These days you’ll find Vowell in the fresh air and sunshine of Kankakee County, where she and her partner, Kathe Roybal, sustainably raise about 75 different crops that they sell at the Green City Market and to about 18 upscale restaurants in the city. Pea shoots and sunflower greens are their most profitable. Three Sisters Garden also is one of only a few farms in the country that cultivate the temperamental and prized huitlacoche, better known as corn smut. “It’s as important to Mexicans as truffles are to the French,” Vowell says. “It’s really a big deal.”

That doesn’t mean Vowell and Roybal are getting rich—far from it. But Vowell’s former colleagues have got her back. Last fall, led by Prairie Grass Cafe’s Sarah Stegner and Urban Belly’s Bill Kim, about a dozen chefs, including Red Light’s Jackie Shen, threw a potluck brunch fundraiser that brought in $12,000, enough for Vowell and Roybal to buy two desperately needed used vans. “I thought Sarah was just making noise in the beginning,” Vowell says. “But she saw Bill and said, ‘This is one of our peers who decided to venture out in a different way—maybe we could give her a little support.’ It truly was a wonderful thing.”


TJ’s Pastured Free-Range Poultry: Tim Ifft

If you’re going to mention the name of Tim Ifft’s poultry business, please don’t leave out “Pastured.” “That word means a lot,” says Ifft. “‘Free range’ can be in a building with no windows and fans where chickens see no daylight, as long as they’re not in a cage.” Ifft’s chickens and turkeys, on the other hand, have two acres of grass and alfalfa to roam every day. “My favorite thing is the spring weather,” he says. “It’s cool and it’s fresh. We get up at 5:30 and open the doors for our chickens to go out to the pasture; they fly out, and our young turkeys run out, and they’re just free and happy.”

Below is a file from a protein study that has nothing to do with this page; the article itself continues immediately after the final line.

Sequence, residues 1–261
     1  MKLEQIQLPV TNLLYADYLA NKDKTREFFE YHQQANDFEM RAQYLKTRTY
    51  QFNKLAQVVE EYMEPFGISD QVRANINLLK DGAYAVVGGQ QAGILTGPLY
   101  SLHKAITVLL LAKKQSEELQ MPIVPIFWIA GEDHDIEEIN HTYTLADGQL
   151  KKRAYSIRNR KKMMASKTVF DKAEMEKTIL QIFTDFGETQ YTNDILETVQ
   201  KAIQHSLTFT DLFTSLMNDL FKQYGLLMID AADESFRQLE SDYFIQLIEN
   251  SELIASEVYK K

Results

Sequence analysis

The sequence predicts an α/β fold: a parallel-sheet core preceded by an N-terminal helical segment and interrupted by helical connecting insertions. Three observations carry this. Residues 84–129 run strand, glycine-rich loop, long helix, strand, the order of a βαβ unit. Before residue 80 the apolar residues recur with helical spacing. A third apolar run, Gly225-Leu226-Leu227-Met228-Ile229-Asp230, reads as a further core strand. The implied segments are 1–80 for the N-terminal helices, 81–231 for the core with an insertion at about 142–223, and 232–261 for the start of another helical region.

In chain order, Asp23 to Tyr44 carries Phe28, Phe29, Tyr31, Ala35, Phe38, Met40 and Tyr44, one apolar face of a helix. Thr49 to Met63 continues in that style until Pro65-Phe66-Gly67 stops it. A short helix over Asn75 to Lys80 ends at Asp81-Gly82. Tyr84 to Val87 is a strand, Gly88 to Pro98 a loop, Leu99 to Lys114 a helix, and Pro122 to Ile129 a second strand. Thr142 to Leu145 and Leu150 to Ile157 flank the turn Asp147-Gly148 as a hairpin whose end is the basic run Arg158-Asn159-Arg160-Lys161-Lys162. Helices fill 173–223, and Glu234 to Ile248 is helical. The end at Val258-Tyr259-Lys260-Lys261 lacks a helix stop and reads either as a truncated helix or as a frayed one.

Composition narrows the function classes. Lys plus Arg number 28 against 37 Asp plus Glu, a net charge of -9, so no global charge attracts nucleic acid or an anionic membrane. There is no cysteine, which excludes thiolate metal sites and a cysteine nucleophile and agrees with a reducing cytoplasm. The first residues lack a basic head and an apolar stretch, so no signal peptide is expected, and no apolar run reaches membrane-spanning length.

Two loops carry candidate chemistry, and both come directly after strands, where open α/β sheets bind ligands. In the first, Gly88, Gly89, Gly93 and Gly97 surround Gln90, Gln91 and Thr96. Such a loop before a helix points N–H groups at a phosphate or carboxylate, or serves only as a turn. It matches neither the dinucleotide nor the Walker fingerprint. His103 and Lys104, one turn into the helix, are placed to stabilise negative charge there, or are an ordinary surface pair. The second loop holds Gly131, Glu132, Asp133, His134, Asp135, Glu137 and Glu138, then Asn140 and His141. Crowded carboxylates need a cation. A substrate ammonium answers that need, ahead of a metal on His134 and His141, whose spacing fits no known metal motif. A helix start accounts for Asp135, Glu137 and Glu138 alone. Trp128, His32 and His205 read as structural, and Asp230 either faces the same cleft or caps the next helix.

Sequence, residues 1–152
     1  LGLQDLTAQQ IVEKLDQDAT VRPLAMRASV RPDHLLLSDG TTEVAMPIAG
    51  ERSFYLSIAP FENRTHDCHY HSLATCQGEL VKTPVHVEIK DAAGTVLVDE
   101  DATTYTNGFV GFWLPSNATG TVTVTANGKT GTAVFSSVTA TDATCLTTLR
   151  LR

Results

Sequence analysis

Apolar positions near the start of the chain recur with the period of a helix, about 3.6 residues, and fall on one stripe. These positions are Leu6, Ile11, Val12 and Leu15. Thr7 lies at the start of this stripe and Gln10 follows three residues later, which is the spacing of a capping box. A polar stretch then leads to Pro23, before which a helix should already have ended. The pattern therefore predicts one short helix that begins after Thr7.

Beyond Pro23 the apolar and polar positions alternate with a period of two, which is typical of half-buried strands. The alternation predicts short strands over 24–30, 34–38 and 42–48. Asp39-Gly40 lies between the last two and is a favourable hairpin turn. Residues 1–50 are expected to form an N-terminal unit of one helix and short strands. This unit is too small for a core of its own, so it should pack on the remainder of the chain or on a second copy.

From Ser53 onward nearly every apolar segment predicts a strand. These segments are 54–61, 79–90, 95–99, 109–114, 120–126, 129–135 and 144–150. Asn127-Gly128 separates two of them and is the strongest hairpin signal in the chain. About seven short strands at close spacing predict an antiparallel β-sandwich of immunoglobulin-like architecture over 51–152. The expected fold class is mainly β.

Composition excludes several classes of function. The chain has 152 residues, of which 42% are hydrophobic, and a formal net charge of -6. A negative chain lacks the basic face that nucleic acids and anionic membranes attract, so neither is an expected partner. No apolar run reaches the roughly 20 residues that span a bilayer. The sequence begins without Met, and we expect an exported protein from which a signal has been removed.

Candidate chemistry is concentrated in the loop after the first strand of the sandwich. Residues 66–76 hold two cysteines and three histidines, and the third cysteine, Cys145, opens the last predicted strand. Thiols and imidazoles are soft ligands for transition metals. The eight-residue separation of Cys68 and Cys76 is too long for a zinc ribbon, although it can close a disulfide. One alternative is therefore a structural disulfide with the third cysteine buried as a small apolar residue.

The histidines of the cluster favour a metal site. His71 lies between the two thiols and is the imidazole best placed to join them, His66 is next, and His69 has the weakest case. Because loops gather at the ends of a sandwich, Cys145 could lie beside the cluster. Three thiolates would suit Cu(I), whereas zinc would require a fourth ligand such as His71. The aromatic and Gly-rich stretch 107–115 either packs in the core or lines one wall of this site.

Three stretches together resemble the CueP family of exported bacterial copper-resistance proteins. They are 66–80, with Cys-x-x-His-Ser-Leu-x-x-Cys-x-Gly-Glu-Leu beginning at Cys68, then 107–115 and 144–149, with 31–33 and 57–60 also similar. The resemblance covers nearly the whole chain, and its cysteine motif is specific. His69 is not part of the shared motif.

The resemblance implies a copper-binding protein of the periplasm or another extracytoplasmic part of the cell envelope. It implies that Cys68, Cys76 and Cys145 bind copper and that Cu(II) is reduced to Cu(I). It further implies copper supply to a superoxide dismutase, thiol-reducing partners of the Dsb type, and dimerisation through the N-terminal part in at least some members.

Ifft grew up nearby, in a farming family, and for the past 22 years has rented the 200-acre farm where he lives with his wife, Julie, and their four children. He spent the first ten years as a pig farmer, but high expenses and low returns pushed him out of the business. “We’d always raised chickens just for the family,” Ifft says. “My brother said, ‘Why don’t you raise more chickens and try to sell them? If you don’t, then I will.’” Ifft now sustainably raises several thousand chickens and turkeys a year, selling the meat and eggs to restaurants and at markets all over the city, including Café Bon Appetit in the AT&T building, Chicago’s Downtown Farmstand, and Logan Square’s Dill Pickle Food Co-op.

Ifft says customers rave about the flavor of his goods, and the business is mostly holding its own. But staying afloat is a constant struggle. Processing the poultry at the state’s only organic plant, an hour and a half away, is labor intensive and expensive. The weekly trip to sell at the Green City Market costs $200 in fuel and 12 hours in lost labor time. And he’s frustrated by vendors who want to make the same profit on his product as he does, though they’ve invested nothing in producing it. “I love the life, and I love the farm,” Ifft says. “But it’s tough.”